Psychedelic therapy refers to the practice of administering psychedelic substances to patients suffering from mental health issues such as post-traumatic stress disorder (PTSD), severe depression, anxiety, or alcoholism. Drugs derived from psychedelic plants have been utilized for thousands of years when humans would consume the seeds, barks, and roots of these plants to attain a heightened level of consciousness and connect with the spiritual realm. Although many studies and trials were performed to investigate the potential benefits of these substances, concerns were immediately raised about their illegal usage for recreational purposes. The United States Drug Enforcement Administration (DEA) classified psychedelics, including LSD, MDMA, ecstasy, and many others, as “Schedule I” drugs because of their high potential for abuse and addiction and lack of accepted medicinal use. Soon after, no pharmaceutical company was permitted to manufacture or distribute such pharmaceuticals to hospitals, institutes, or individuals, and all related research and clinical trials were halted. However, in recent years, research into the therapeutic applications of these medications has accelerated, spurred on by prestigious institutions like UCSF and Johns Hopkins.
Read about the recent research findings from the University of California, San Francisco, here.
How Do Psychedelics Alter One’s State Of Mind?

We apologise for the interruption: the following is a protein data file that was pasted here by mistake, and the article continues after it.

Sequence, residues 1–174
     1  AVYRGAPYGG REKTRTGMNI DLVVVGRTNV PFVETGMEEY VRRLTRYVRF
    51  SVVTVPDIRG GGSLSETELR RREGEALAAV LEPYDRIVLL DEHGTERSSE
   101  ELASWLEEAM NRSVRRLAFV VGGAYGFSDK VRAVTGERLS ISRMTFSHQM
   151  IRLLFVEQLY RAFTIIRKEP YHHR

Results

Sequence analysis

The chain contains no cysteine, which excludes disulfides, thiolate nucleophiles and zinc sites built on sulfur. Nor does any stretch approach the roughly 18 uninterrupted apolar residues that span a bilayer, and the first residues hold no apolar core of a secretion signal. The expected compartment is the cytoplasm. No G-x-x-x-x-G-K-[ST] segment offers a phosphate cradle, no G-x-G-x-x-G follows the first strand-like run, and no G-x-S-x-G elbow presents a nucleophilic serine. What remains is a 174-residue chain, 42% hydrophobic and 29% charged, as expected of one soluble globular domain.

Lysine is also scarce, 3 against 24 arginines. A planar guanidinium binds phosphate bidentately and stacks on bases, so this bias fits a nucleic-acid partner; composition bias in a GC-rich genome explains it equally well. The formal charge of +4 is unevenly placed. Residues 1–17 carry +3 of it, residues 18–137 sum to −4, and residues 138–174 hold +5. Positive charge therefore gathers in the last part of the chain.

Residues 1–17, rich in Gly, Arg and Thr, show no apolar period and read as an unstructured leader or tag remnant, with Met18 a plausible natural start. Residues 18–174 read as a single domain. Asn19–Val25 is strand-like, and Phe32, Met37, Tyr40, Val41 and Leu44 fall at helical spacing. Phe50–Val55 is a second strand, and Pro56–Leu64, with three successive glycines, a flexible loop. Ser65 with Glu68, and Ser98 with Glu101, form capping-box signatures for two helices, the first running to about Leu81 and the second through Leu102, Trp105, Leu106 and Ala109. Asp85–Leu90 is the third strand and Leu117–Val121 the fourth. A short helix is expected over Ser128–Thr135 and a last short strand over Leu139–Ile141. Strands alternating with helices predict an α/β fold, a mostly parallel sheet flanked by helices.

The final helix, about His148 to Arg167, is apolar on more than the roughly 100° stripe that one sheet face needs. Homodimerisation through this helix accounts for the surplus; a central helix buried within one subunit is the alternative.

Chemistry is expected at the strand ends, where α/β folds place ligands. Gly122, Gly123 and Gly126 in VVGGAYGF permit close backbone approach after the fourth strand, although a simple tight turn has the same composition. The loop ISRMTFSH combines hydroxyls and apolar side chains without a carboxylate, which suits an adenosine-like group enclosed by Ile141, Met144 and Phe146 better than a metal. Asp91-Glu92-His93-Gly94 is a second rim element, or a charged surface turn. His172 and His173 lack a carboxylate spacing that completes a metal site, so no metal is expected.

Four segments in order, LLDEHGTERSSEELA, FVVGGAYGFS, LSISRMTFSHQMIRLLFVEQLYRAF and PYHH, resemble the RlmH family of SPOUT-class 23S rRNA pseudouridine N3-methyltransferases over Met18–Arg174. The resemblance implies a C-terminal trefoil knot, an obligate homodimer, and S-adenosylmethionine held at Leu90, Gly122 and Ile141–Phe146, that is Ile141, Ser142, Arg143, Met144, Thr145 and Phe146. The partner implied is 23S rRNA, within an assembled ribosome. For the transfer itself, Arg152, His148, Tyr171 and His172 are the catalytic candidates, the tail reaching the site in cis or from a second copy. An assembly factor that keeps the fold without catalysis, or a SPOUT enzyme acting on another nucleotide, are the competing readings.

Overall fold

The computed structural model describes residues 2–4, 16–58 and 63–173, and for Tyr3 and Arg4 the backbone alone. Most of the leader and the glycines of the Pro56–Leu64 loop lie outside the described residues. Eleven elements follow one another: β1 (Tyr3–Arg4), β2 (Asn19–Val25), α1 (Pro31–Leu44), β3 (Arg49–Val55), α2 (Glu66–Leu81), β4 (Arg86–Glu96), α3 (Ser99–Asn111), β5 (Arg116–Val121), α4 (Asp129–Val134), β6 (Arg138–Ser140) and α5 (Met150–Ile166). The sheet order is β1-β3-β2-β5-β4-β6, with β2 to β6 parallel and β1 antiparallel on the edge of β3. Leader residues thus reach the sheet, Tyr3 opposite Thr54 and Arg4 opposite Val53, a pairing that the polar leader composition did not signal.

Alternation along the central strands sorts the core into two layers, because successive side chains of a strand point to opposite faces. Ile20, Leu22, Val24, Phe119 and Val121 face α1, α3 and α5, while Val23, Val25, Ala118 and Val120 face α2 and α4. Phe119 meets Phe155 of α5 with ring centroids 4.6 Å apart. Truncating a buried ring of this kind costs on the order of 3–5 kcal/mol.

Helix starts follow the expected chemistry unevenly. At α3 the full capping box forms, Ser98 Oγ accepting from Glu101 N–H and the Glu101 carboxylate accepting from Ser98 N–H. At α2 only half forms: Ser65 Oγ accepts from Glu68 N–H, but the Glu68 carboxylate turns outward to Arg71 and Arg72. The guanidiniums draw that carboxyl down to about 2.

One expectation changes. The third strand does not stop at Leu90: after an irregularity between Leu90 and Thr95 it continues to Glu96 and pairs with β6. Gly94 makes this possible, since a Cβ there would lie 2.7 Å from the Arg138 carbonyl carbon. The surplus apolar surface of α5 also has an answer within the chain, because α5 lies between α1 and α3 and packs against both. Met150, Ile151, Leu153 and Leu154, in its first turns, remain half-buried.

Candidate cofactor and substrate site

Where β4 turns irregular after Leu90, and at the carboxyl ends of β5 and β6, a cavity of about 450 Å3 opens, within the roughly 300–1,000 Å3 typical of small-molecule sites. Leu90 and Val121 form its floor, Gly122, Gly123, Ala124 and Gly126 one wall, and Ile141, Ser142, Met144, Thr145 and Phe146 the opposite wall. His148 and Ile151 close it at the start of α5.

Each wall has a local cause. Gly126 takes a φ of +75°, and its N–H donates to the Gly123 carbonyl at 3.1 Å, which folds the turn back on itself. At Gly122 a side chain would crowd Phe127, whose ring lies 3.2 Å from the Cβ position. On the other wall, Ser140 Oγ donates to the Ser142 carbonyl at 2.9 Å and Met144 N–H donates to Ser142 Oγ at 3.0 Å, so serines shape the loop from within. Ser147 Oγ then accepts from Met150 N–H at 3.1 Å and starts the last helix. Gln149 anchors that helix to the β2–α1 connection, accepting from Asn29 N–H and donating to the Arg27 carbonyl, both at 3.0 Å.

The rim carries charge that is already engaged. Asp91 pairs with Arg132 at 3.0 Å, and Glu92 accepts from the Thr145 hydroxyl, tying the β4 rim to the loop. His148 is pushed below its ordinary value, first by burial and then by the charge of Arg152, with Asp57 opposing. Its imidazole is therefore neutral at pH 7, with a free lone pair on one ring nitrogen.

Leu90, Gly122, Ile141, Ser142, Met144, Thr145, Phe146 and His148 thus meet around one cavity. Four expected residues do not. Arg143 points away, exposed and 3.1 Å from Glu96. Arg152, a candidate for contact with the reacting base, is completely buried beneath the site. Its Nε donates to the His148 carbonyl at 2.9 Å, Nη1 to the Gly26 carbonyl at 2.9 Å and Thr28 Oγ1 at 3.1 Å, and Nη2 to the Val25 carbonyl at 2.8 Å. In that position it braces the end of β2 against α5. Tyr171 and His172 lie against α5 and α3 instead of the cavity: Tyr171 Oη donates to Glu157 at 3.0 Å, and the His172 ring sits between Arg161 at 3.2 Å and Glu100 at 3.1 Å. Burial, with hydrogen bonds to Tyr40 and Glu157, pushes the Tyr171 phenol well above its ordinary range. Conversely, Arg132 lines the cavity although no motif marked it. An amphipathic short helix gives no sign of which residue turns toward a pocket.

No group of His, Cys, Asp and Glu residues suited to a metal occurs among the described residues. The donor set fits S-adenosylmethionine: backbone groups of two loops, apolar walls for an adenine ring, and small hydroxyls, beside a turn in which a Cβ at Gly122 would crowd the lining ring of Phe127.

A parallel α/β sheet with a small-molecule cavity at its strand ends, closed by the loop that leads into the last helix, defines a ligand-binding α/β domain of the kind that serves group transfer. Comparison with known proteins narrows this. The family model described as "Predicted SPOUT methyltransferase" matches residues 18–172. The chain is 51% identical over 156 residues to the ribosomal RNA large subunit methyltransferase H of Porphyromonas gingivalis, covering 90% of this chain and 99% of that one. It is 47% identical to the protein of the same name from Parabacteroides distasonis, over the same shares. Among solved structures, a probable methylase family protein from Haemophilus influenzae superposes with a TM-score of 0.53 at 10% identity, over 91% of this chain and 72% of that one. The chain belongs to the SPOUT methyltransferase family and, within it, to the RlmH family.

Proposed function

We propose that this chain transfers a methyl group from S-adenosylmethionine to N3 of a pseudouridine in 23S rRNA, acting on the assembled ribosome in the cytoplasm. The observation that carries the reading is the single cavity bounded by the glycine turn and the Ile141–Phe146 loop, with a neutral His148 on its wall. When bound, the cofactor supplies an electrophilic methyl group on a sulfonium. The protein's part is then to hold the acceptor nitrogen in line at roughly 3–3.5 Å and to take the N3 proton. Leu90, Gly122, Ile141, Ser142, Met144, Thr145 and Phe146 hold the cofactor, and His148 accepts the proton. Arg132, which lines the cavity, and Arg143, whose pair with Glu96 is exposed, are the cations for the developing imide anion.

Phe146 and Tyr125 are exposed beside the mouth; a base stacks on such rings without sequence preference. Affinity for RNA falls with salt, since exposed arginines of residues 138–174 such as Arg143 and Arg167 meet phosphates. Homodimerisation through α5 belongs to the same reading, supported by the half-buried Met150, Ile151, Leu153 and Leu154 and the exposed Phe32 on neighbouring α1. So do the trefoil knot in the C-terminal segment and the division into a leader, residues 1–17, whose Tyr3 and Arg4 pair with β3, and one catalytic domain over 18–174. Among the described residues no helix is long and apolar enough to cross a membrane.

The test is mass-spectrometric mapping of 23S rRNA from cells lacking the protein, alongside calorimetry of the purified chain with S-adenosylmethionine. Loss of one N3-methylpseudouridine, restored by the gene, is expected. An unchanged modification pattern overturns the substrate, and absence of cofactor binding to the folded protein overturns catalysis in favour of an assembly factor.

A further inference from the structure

Advanced tools to visualize and monitor brain activity, such as fMRI, MEG, PET, and EEG, have allowed scientists to make significant breakthroughs in comprehending the effects of psychedelics on the brain and consciousness in recent years. Psychedelic drugs are known to stimulate the serotonin receptor, particularly the 5-HT2A receptor, a group of receptors found in the central and peripheral nervous systems of almost all kinds of organisms. Although many hallucinogens have been shown to stimulate other subgroups of the serotonin receptor, all have been found to bind with the 2A receptor in laboratory settings. These 2A serotonin receptors have a profound impact on the regions of the brain that are important for cognition and self-awareness, including the cerebral cortex and the visual cortex. Administration of these medications has been proven to reduce and desynchronize neural activity in regions of the brain that include the thalamus and cortex, which are important for integrating and controlling brain activities, resulting in distorted perception and unfettered brain function that leaves the individual feeling freer and less constrained. In a broader sense, psychedelics can impede connectivity between normally coordinated brain regions and enhance communication between previously isolated brain regions. This was demonstrated using resting-state fMRI, an imaging technique whereby researchers monitored blood flow in various brain regions while the subject was in a relaxed condition after receiving the hallucinogen. The fact that blood flows from one region of the brain to another indicates that the two areas are functionally connected. While the subject was under the influence of the psychedelic substance, researchers observed a shift in the usual network of neural connections in the brain. In addition to the weakening of connections within networks, there appears to be an increase in connections between networks that are not normally present in the steady state. A model by Carhart-Harris, commonly known as the REBUS model, summarizes these observations. The free-energy principle and the entropic brain theory serve as the foundation of the “relaxed beliefs under psychedelics” model. The free-energy principle provides a cohesive framework for understanding action, perception, and learning. The free-energy theory, which has been around for a long time and has stood the test of time, proposes that all physical and self-organizing systems tend toward a minimum energy state, also known as equilibrium. In this approach, the mind is viewed as an inferential engine that is continually building models to make sense of the world and reduce the amount of unpredictability in every circumstance. To put it another way, it seeks to align the predictions of its models in order to bring them into harmony with the incoming sensory information. Although consciousness is generally perceived as an inherently subjective experience, the entropic brain hypothesis suggests that we may be able to quantify certain aspects of it. Entropy, a quantity central to information theory, is used to quantify how much information and how much uncertainty there is in a given dynamical system. Therefore, states of the brain that are high in entropy can be thought of as having a lot of information but also entails a significant amount of uncertainty and unpredictability. The REBUS model proposes that psychedelics weaken the pre-formed models or beliefs we have of the world and ourselves. The brain appears to be free to generate new neural connections, unencumbered by the previous ones.